Michigan Small Business Supports Public-Private Retirement Savings Options

Retirement


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Lansing, Michigan–Majority of Michigan small business owners and decision makers say more needs to be done to help Michigan workers save for retirement, according to a report . New AARP Small Business Survey. Most of the survey respondents agreed that the state legislature should support legislation that would make it easier for companies to make retirement savings options available at work for their employees and themselves.

Most small business owners surveyed by AARP (79%) agree that being able to offer a portable retirement savings program will help them attract and retain top talent and stay competitive. . But nearly 6 in 10 don’t offer their employees a way to save for retirement.

“My business is young and growing but can have high turnover.So anything that invites people to stay longer while allowing them to save for the future is something I stand by. That’s right,” said Kari Vanderhuell, who owns Red Fork, a restaurant and coffee shop in northeastern Michigan. Near Harrisville, Arcona County. “I tend to hire younger people and wish I could offer them something that would help them save for retirement, but I can’t financially do that. There will be

More than 40% of Michigan’s private sector workforce aged 18-64 (workers of all levels of income, education and background) do not have access to retirement savings plans at work. The smaller the employer, the less likely it is that employees will have access to retirement plans.

An AARP survey found that 62% of small businesses are concerned that their employees don’t have enough money to cover medical and living expenses in retirement. 1 in 4 (25%) said they were very concerned. Most (82%) of small business owners who participated in the survey also said that as taxpayers, Michigan residents who do not have enough money saved for retirement will be dependent on public assistance programs. said he was concerned.

“Small businesses are aware there is a retirement savings crisis in Michigan and want lawmakers to take action,” said AARP Michigan Director Paula Cunningham. “Approximately 1.6 million workers in Michigan do not have access to a savings plan at work. It will save taxpayers money.”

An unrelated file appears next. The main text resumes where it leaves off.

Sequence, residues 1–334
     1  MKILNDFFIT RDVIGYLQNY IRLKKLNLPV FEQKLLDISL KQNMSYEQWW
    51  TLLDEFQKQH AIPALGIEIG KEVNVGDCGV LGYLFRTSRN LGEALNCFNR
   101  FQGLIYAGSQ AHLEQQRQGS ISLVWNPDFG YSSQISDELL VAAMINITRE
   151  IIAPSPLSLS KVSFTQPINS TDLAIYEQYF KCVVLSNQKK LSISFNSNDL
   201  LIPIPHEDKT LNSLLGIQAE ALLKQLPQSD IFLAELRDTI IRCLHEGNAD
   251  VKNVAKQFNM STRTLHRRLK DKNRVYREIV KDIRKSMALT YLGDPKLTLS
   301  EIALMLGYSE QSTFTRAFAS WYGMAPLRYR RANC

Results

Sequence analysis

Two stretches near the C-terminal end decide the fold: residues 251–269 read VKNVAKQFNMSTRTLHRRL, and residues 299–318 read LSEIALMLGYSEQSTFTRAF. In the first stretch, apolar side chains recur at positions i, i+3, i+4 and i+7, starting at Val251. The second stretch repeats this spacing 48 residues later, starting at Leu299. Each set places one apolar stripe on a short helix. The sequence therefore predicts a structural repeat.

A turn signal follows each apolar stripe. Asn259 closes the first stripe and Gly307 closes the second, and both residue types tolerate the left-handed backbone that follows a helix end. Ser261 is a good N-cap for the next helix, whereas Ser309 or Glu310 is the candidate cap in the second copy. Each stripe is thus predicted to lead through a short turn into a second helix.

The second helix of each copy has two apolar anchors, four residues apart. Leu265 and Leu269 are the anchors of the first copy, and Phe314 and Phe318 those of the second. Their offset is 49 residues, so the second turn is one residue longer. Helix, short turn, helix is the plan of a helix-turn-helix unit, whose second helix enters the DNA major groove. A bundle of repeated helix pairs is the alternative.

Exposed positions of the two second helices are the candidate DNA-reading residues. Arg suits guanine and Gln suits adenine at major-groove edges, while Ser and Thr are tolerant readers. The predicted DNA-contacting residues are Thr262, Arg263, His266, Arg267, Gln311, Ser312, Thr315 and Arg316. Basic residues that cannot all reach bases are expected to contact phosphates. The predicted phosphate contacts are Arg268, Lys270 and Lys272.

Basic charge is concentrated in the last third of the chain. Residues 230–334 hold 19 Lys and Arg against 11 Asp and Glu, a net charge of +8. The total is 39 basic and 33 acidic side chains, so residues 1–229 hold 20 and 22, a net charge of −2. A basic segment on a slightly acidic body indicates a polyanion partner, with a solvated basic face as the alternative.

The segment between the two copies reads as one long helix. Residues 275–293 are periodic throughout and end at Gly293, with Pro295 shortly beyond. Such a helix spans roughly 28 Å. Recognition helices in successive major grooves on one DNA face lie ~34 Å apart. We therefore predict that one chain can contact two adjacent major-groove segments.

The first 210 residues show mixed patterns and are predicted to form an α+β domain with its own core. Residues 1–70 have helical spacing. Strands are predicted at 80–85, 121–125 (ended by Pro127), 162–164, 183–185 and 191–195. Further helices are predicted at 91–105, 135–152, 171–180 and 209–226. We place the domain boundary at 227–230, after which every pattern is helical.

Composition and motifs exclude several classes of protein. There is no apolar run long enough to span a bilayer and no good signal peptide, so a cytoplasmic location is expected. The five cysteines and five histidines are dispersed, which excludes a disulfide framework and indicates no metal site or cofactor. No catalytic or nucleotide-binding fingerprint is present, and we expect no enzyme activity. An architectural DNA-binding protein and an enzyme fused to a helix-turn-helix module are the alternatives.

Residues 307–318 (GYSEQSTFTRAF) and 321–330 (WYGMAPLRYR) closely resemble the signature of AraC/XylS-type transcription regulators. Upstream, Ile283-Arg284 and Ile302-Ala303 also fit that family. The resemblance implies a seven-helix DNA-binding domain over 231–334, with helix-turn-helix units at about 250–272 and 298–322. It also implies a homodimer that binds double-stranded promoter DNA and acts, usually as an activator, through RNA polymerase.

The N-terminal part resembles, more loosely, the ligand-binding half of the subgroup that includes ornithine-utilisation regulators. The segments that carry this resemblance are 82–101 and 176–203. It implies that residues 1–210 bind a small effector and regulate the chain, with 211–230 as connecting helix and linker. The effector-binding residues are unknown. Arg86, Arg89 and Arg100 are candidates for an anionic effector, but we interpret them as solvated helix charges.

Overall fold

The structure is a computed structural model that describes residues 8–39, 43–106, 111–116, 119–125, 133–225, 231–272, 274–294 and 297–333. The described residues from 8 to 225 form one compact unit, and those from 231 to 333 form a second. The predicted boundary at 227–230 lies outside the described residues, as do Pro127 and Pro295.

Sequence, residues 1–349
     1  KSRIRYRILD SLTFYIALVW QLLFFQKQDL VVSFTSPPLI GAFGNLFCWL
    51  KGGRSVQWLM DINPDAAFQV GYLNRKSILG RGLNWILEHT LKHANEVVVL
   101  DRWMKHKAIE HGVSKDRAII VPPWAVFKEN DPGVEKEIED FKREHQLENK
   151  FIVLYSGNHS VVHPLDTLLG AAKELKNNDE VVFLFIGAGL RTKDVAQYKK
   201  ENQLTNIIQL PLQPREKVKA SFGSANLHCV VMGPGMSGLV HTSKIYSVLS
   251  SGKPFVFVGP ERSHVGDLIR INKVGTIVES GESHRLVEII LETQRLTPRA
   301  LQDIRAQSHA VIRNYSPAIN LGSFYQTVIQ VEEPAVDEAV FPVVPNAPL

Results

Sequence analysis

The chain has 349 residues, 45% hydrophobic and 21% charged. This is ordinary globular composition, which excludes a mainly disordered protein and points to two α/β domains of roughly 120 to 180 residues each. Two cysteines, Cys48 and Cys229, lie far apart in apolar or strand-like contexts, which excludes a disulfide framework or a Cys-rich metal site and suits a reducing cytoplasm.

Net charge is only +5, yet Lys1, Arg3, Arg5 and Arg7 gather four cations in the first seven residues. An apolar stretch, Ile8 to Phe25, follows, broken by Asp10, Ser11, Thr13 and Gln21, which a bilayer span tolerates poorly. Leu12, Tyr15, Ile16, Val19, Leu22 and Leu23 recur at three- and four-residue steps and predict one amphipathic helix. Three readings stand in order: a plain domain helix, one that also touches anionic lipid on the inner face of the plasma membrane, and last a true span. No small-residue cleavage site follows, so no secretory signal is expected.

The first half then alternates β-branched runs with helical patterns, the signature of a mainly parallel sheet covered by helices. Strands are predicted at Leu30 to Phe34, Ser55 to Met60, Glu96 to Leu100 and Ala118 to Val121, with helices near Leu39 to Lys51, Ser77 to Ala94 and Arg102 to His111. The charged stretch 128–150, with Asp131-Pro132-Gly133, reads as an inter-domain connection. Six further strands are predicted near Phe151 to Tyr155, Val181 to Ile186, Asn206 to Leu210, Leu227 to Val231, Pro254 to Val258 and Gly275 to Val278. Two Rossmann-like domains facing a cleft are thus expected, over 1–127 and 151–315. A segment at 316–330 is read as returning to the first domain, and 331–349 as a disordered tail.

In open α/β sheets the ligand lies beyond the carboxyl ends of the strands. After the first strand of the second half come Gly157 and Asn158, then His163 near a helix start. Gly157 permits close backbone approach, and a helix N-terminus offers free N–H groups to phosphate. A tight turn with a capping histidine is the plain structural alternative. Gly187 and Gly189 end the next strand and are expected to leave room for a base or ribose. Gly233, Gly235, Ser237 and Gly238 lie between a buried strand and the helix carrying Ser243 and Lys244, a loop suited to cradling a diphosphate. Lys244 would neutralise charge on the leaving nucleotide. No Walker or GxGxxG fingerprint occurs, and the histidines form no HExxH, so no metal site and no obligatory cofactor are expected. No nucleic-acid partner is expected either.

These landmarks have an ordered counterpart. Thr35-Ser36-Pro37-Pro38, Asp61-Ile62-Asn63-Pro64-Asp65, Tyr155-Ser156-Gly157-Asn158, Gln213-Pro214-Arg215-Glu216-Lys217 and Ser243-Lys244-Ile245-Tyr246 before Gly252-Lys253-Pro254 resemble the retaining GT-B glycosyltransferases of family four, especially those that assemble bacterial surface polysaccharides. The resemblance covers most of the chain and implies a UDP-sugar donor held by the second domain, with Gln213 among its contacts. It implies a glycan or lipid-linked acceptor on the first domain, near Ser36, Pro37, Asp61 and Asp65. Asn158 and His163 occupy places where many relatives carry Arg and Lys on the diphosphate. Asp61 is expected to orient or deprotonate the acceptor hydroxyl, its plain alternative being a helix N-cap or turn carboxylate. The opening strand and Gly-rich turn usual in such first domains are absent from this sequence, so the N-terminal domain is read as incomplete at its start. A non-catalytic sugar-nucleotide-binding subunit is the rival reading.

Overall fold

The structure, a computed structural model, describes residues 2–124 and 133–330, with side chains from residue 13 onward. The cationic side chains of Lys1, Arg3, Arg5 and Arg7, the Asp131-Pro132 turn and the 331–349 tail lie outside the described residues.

Similar retirement savings partnerships operate in Oregon, California, Illinois, Delaware and Hawaii with more than $839 million in assets under management. Missouri and Minnesota were the 17th and 18th states to pass retirement savings bills, and several other states, including Ohio, are working on similar measures. Many of the participants were first-time savers, with an average income of $29,000 for Oregon savers who have been in the program since 2017.

Small business owners across the state have told AARP they support the creation of a personally managed, plug-and-play retirement savings option to help employees save for the future through their paychecks. In other states, elected officials are developing retirement savings options for small businesses that don’t yet offer plans.

The majority (72%) of business owners surveyed believe that traditional retirement savings plans are too costly, and nearly half (46%) believe they are too complex to run a business. increase.

However, when asked how likely they would be to participate in the retirement savings options listed in the survey, more than two-thirds of Michigan small business owners said they would take advantage of them if they were available to their employees. answered that they are likely to provide Nearly three-quarters said they would support such an option, which would operate similarly to the state university’s 529 savings plan.

Similar retirement savings partnerships operate in Oregon, California, Illinois, Delaware and Hawaii with more than $839 million in assets under management. Missouri and Minnesota were the 17th and 18th states to pass retirement savings bills, and several other states, including Ohio, are working on similar measures. Many of the participants were first-time savers, with an average income of $29,000 for Oregon savers who have been in the program since 2017.

of 2023 Michigan Small Business Owner Survey This was a telephone survey of 548 small business owners or decision makers about employee benefits for companies with 1 to 150 additional employees. Interviews were conducted between him on April 21, 2023 and he on May 16, 2023. The margin of error for this sample is ± 4.2 percent. The sample, including owner name and company, was taken from the Data Axel business list and used the Michigan Census Bureau’s 2023 Economic Census (based on industry, number of employees, and county) to add 1 to 10 additional employees. Weighted as 150 people.

Media Contact: Cathleen Simlar csimlar@aarp.org.





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